by Barry Rubin
Before I remark on the idiotic analysis of the day, I have to write a disclaimer. I usually don’t remark on what David Ignatius writes, but this latest article is too good — meaning too bad — to pass up. But first some background so you can see how things work behind the scenes in Washington, D.C.
I grew up within about two blocks of Mr. Ignatius. One of my best friends went to school with him. After my friend defeated Ignatius for the chairmanship of the school’s most prestigious club by a landslide, Mr. Ignatius said to him, “I could have beaten you if I’d wanted to!”
In 1982 or perhaps in 1983, I spoke at a conference about media reporting on the Lebanon war. I had witnessed, for the first time in person, the most amazing distortions of truth by the journalists there.
One notorious example I remember was a reporter standing in front of a Lebanese house claiming it had been callously destroyed by the Israeli forces. This statement was somewhat belied by the fact that a rather large and healthy tree was growing in the middle of the derelict building, extending its branches well above the level of the walls.
Knowing that Mr. Ignatius, who had reported on the war, was on the panel, I stated several times something to the effect that, “This doesn’t apply to David Ignatius, who did a great job.”
To my surprise, after the event he came up to me and angrily said, “You [word unsuitable for family publications] me and I’m going to get you.”
Some time later, he reviewed one of my books in a tiny publication that few if any read. It was the nastiest review I’ve ever received. But, as I say, nobody saw it and I only noticed because the publisher sent it to me.
About four or five years later I was attending some conference sitting at the dinner table with him and Ignatius said something to the effect that I had served my sentence, been punished enough, and so his wrath had been sated.
There. So now you can judge whether I am biased against him.
U.S. officials see signs that Syria’s embattled president, Bashar al-Assad, has concluded that to survive the massive protests against his regime, which continued today across the country, he will have to distance himself somewhat from Iran.
Whatever happens in the anti-Assad protests, Iran is likely to lose some of its easy access to Syria, its key Arab ally. If Assad survives, he will have to establish some distance from Iran to appease Sunni protesters, U.S. officials believe. And it he’s toppled, Syria is likely to be ruled by a Sunni-dominated regime that will be more hostile to Iran.
Now this is a sparkling example of the kind of idiocy that passes for analyzing the Middle East on the part of “U.S. officials” and big-name analysts in the media. Remember that Assad has adopted a strategy of identifying his opponents with America, Israel, and al-Qaeda. He is toughing it out. Why would be want to distance himself from an ally which:
– Provides Muslim religious credentials to his regime ruled mostly by Alawites who are not Muslims. (When I once told an emigre Syrian Muslim journalist that a lot of people disagreed with me about Alawites not being Muslims, she laughed and said that everyone knew they weren’t.)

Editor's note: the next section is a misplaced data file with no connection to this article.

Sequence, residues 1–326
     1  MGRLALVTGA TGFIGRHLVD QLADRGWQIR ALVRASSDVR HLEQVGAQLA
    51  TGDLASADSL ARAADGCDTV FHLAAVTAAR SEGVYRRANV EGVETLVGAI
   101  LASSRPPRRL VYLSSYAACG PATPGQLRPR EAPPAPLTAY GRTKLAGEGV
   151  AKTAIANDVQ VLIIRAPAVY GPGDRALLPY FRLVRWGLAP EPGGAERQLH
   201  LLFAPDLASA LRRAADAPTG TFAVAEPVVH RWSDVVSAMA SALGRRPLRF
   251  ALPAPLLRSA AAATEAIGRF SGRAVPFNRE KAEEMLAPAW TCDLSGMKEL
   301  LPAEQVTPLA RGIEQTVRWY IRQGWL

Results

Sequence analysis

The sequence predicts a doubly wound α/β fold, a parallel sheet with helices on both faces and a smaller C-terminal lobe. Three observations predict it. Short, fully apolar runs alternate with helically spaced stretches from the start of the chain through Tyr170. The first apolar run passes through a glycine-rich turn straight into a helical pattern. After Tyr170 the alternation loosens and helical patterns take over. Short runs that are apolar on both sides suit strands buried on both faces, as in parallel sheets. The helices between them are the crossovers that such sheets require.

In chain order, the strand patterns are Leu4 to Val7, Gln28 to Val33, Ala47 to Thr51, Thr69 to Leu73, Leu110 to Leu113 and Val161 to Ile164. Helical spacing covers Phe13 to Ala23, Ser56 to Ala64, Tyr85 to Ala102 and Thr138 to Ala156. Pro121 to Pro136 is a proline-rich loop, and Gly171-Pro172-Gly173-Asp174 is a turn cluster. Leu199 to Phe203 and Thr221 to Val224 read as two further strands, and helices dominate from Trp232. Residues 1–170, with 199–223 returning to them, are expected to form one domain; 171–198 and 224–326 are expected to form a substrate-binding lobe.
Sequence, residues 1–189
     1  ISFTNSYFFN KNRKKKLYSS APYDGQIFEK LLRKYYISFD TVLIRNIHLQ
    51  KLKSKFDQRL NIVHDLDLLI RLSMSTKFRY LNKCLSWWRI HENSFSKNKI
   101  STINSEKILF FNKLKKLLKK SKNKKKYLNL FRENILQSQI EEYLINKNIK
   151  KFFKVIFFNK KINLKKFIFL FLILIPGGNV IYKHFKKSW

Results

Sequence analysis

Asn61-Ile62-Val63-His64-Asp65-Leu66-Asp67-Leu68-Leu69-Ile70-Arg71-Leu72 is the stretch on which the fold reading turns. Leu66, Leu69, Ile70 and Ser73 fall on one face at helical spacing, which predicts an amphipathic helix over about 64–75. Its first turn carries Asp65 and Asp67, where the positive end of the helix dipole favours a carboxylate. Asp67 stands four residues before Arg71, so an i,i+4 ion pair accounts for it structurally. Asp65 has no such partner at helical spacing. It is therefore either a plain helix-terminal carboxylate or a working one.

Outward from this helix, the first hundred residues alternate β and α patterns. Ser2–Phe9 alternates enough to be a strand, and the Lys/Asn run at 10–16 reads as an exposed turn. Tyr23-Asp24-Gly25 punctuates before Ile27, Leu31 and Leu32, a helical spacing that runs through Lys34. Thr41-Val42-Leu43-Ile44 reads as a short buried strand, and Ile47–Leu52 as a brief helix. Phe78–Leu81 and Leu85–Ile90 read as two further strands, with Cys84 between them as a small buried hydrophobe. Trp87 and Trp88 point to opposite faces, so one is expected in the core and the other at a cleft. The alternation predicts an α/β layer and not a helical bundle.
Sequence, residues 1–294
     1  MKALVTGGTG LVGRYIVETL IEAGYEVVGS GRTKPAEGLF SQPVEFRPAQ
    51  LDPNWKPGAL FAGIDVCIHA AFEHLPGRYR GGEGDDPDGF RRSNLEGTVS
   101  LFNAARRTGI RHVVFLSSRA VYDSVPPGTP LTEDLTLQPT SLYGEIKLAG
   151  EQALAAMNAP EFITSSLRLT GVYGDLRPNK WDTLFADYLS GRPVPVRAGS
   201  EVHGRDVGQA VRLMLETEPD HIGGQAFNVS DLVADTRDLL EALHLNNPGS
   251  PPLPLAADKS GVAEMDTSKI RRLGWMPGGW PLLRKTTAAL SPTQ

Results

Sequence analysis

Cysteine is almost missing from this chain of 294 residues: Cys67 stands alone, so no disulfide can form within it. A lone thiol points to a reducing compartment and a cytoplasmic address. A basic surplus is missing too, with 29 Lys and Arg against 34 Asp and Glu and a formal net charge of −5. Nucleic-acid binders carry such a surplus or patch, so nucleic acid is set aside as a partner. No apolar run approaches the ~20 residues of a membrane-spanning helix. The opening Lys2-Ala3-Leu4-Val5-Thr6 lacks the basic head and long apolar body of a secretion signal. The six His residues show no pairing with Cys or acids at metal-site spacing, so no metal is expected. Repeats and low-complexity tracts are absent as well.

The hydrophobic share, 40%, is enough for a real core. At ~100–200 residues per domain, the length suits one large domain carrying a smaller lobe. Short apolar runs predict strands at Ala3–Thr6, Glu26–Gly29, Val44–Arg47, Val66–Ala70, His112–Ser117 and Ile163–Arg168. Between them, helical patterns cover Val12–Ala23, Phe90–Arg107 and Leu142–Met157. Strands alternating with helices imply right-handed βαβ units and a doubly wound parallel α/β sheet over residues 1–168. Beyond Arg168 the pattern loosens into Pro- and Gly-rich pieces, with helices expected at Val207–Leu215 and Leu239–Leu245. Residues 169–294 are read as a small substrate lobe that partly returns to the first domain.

– Gives it strategic cover against the West and Israel. When Iran has nuclear weapons that umbrella of protection would be even more valuable.
– Pays a lot of its bills through subsidies.
– Pays for its weapons and for supporting joint Iran-Syria clients like Hamas and Hizballah.
The possibility of any decision by Assad to move away from Iran? Zero.And if he’s toppled would there be a Sunni regime more hostile to Iran? That’s possible but unlikely. If he is overthrown by military officers — the most likely possibility — they would not change Syrian foreign policy.
True, a Muslim Brotherhood-dominated regime might well be anti-Iran, as well as anti-American and eager to go to war with Israel. A moderate democratic government would be anti-Iran. But there are plenty of Islamists and radical nationalists who would align with Iran as their only good choice of strategic ally.
At any rate, what this all amounts to is merely another argument that Assad is a moderate at heart. Don’t try to overthrow him and he’ll come around to realizing that America is his best friend. Really?
Why is it that President Obama called for the overthrow of Mubarak and somehow believes that Assad is better for American interests than the former Egyptian president? There is a risk of an Islamist takeover in Syria, but it is certainly lower than it was in Egypt when the White House helped push that regime over.
Remember: the Syrian regime is the main sponsor of the terrorists killing American soldiers in Iraq. It is the main sponsor of Hamas and Hizballah. It is seizing control of Lebanon and turning that country into a satellite. And it subverts any chance of peace with Israel.
This is the regime that the administration and its pet journalists wants to preserve?
What really irks me is that one virtually never ever sees any of the points made above even mentioned in the mass media, though they are all obvious and well-documented.
Here’s a good policy for the United States: Assad should go now! Yesterday!
Uh-oh. I better watch out for that next book review!
Copyright - Original materials copyright (c) by the authors.